This is an up-and-coming technology revitalised by the use of modern engineering advances. The inefficiencies of the past related to the bearings of the wheel and the wheel materials. Current advances in magnetic and cryogenic bearings have virtually eliminated the frictional forces, whilst use of fibre composite materials have removed the problems of the higher rotational speeds, giving higher energy storage capacity. The energy is stored as rotational energy and can be expressed as:
Ef = ½ lω2
Ef = flywheel kinetic energy (Nm, Joule, ft lb)
I = moment of inertia (kg m2, lb ft2)
ω = angular velocity (rad/s)
From this it is clear that rotational speed (ω2) has a far greater impact on the stored energy than the mass of the flywheel. Fig 4 shows the principle of operation. Commercially available systems generally use magnetic bearings and fibre composite or steel flywheel. With these advances, claimed efficiencies are as high as 90%. Typically, flywheels are designed to provide power for up to 30 minutes and are principally used for load levelling, peak shaving or frequency control.
However, newer models with higher rotation speeds (NASA has a flywheel that rotates at twice the speed of sound), give much higher energy outputs. Reference to Table 2 shows that the energy density is not great but better than some electrochemical methods. The big advantages are the extremely long life (related to the ability to repair any malfunction and extend the calendar life indefinitely), whilst also being made of easily recycled components with no hazardous chemicals. On the downside the operational losses are quite high due to systems losing their ‘charge’ within a few days, if the angular momentum is not kept topped up.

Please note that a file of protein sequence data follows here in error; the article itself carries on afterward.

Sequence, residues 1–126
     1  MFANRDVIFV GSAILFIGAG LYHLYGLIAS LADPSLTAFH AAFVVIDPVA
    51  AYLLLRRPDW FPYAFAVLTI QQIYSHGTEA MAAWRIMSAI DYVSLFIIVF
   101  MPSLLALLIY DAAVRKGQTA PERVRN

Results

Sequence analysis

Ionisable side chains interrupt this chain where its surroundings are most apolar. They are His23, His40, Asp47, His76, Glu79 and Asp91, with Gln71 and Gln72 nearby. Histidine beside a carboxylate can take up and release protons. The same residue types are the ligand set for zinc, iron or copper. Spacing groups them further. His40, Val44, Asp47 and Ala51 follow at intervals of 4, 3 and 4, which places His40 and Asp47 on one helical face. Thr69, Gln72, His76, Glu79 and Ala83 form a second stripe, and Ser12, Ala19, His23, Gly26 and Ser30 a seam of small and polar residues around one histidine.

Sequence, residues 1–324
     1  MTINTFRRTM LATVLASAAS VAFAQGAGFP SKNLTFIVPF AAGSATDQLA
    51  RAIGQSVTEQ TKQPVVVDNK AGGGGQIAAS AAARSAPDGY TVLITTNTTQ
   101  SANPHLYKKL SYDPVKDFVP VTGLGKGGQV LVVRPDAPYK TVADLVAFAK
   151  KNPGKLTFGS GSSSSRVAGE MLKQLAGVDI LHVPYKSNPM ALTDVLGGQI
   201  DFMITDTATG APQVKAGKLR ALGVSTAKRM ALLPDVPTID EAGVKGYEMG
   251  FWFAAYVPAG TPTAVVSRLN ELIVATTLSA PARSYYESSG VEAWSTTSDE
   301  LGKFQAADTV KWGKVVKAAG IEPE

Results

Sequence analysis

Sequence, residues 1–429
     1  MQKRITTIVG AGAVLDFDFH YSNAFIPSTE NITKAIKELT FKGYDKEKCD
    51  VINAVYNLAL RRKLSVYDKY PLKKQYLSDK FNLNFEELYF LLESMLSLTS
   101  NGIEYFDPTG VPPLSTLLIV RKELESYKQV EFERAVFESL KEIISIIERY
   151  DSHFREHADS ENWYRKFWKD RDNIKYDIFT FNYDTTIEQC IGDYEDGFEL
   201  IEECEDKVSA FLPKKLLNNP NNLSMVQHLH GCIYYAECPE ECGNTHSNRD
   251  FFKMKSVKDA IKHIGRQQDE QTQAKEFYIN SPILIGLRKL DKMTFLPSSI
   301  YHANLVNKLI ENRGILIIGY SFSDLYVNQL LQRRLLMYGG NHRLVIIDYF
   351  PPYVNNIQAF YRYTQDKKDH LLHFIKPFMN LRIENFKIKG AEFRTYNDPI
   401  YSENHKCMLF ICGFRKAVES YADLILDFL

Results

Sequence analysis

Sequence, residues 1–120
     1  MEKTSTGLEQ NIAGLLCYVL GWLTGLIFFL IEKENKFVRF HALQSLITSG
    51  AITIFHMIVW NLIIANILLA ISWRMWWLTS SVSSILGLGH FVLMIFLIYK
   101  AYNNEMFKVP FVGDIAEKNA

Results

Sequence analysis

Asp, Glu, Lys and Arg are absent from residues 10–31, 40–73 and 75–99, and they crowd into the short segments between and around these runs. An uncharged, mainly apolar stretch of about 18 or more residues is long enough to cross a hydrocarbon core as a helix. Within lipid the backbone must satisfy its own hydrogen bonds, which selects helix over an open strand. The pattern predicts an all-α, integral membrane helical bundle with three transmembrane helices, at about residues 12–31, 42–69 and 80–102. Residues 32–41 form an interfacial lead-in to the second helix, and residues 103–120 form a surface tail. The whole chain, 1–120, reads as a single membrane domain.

There are many variations on this theme, but all basically use generated heat to raise the temperature of a medium, and then store that for use in heating when required. SES is the simplest storage method and can be as crude as a black water pipe running through a roof space in an apartment block to raise the temperature of the water inside the pipe. The amount of heat stored depends on the specific heat of the medium (usually water for domestic applications), the temperature change and the mass of the medium. This can be expressed as:
Qs = mcpdt
Qs = sensible heat capacity
m is the mass of the stored medium
cp is the specific heat capacity
dt is the temperature difference
Other variants utilise the latent heat generated by a material phase change (PCM) or the thermo-chemical heat of an exothermic reaction.
Compressed air energy storage
Very simply put, this technology relies on electricity from a variable or off-peak supply, to power a compressor in order to store air under high pressure. When the power is needed, the compressed air is released to power generators to provide or supplement an electricity supply during peak demand periods. Efficiency is quite low, although there are two forms: diabatic and adiabatic (Fig 5a and 5b), which differ in their utilisation of the waste heat generated during air compression.